Saturday, October 1, 2011

Their Cause is Slavery

This entry is excerpts from a speech made by Charles Sumner on October 1, 1861 before the Republican State Convention at Worcester, Massachusetts entitled Union and Peace! How They Shall Be Restored.

Sumner was known as a powerful orator and the leader of the antislavery forces in Massachusetts.

[Upon the appearance of Mr. Sumner on the platform, he was most cordially greeted by the whole convention and the large audience in the galleries.  Hon. H. L. Dawes President of the Convention, introduced him in a few felicitous words whereupon the warm applause of the vast assembly burst forth again with great enthusiasm, ending the three rousing cheers.]
. . . .Slavery. Often have I exclaimed, in times past, that our first great object was the Emancipation of the National Government, so that it should no longer be the slave of Slavery, ready to do its bidding in all things. But this victory has been won. It was won first by the ballot box, when Abraham Lincoln was elected President of the United States; [applause] — and it was won the second time by the cartridge box, when, at the command of the President, the guns of Fort Sumter returned defiance to the rebel artillery. [Three cheers.] Such was the madness of Slavery that the first was not enough. Unhappily, the second was needed to complete the work.

 . . . It is Slavery which has been the origin of our party divisions, keeping men asunder who ought to act together. But with the expulsion of this disturbing influence, the apology for these divisions has ceased. All patriots,—all who truly love their country—may now act together; no matter in what party combination they may have formerly appeared; no matter, of what accent is the speech by which their present duties are declared. Call them democrats, Union men, native or foreigners, what you will, are we not all engaged in a common cause ? 

 . . . .The Government is assailed by a Rebellion without precedent. Never before since Satan warred upon the Almighty has Rebellion assumed such a front; [applause]—and never before has it begun in such a cause. The rebels are numerous and powerful; and their cause is Slavery. [Sensation.]

It is the very essence of rebellion to be audacious, unhesitating, unscrupulous. Rebellion sticks at nothing; least of all, with a rebellion which began in Slavery. It can be sucessfully encountered only by a vigor and energy which shall surpass its own. Patriotism surely is not less potent as a motive than treason. It must be invoked. By all the memorial of your fathers, who founded this Republic and delivered to you the precious heritage; and by all the sentiments of gratitude for the good you have enjoyed beneath its protecting care, you are summoned to its defence. Defence, did I say?  It if with mortification that I utter the word; but you all know the truth.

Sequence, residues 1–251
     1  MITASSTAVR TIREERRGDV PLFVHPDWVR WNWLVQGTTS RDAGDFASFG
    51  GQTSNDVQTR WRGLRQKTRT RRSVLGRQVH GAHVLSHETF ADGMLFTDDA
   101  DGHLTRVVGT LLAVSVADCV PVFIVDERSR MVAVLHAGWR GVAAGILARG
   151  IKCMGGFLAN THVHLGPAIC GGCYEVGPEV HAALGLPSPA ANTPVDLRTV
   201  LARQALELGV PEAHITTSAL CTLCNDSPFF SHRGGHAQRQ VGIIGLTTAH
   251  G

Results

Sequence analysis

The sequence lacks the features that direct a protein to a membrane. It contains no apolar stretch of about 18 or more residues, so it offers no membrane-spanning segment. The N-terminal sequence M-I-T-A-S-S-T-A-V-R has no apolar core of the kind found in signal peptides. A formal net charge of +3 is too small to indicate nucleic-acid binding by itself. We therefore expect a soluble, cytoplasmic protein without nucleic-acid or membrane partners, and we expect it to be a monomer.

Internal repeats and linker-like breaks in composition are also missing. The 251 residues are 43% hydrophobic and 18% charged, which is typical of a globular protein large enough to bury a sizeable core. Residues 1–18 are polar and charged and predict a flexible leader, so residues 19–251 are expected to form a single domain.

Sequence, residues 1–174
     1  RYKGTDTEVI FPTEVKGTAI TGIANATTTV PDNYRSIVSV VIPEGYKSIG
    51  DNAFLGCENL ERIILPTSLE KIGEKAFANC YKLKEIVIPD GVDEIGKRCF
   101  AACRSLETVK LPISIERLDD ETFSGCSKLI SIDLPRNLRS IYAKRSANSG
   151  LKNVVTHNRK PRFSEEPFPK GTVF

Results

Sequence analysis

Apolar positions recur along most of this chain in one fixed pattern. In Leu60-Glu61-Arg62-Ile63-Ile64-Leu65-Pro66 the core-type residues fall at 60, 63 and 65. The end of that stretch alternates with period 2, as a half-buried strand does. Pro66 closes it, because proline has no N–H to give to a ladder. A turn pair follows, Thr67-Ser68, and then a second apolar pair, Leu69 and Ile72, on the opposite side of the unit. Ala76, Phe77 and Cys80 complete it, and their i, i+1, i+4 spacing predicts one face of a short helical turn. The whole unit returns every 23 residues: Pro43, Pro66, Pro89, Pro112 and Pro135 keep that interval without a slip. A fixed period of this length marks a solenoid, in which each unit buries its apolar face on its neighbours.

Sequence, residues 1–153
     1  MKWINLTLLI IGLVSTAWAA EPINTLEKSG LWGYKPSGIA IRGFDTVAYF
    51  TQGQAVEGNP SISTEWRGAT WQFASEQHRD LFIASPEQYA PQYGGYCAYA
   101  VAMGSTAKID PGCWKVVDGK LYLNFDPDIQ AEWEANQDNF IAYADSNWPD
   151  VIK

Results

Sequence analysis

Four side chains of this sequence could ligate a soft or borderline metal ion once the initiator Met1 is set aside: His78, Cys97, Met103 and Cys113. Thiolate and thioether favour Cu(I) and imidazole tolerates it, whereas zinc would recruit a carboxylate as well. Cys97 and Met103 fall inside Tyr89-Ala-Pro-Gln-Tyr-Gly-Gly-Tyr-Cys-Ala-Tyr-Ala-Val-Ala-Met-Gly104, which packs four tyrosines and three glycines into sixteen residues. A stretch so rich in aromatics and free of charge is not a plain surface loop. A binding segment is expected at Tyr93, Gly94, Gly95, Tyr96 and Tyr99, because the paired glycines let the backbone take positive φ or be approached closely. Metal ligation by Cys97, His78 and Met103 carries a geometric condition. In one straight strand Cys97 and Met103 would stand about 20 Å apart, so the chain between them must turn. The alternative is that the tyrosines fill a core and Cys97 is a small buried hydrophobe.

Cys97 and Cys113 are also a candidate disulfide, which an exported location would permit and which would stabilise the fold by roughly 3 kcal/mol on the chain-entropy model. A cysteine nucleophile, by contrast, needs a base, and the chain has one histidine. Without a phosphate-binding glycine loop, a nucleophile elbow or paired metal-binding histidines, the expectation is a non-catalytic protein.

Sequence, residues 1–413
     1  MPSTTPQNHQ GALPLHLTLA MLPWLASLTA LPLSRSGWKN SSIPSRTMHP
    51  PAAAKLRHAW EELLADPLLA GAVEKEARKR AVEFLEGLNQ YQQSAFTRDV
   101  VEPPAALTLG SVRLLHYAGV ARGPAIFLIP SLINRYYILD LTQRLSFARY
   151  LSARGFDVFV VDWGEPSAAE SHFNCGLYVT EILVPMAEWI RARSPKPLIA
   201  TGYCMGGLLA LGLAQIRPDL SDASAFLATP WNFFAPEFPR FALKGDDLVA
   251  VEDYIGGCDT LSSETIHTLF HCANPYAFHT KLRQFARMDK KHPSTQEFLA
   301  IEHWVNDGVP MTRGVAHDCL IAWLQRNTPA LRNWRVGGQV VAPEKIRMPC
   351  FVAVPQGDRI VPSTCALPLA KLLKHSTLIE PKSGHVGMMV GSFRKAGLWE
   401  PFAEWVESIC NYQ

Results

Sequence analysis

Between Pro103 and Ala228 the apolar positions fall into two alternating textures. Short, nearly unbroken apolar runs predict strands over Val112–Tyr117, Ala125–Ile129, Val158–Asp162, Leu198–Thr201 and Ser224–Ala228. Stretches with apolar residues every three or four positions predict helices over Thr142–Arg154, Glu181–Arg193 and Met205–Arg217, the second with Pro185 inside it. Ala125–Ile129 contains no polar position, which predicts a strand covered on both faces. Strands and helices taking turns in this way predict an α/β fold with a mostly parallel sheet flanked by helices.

The rebel conspirators have set upon us, and now besiege the National Government. They besiege, it at Washington, where are the President and his Cabinet and the national archives. They besiege it at Fort Monroe on the Atlantic, at St. Louis on the Mississippi, and now they besiege it in Kentucky. Everywhere we are on the defensive. [Sensation.] Strongholds have been wrested from us. Soldiers gathered under the folds of our national flag have been compelled to surrender. Citizens, whose only offense has been their loyalty, have been driven from their homes. Bridges have been burned. Railways have been disabled. Steamers and ships have been seized. The largest navy yard of the country has been appropriated. Commerce has been hunted on the sea, and property, where. ever it can be reached, ruthlessly robbed or destroyed.. . .

Do you ask in whose name all this has been done. The answer it easy. Not "in the name of God and the Continental Congress,'' as Ethan Allen summoned Ticonderoga; but "in the name of Slavery." Yes; in the name of Slavery, and nothing else, has all this crime, destruction and ravage been perpetrated; and the work is still proceeding.

Look at the war as you will, and you will always see Slavery.  Never were the words of the Roman orator more applicable: Nullum facinus exstit nisi per te; nullum flagitium sine te. "No guilt unless through thee, no crime without thee." Slavery is its inspiration; its motive power; its end and aim ; its be-all and end-all.

It is often said that the war will make an end of Slavery. This it probable. But it it surer still, that the overthrow of Slavery will at once make an end of the war. [Tumultuous applause and cheers.]  . . .

Charles Sumner, from the Library of Congress Collection

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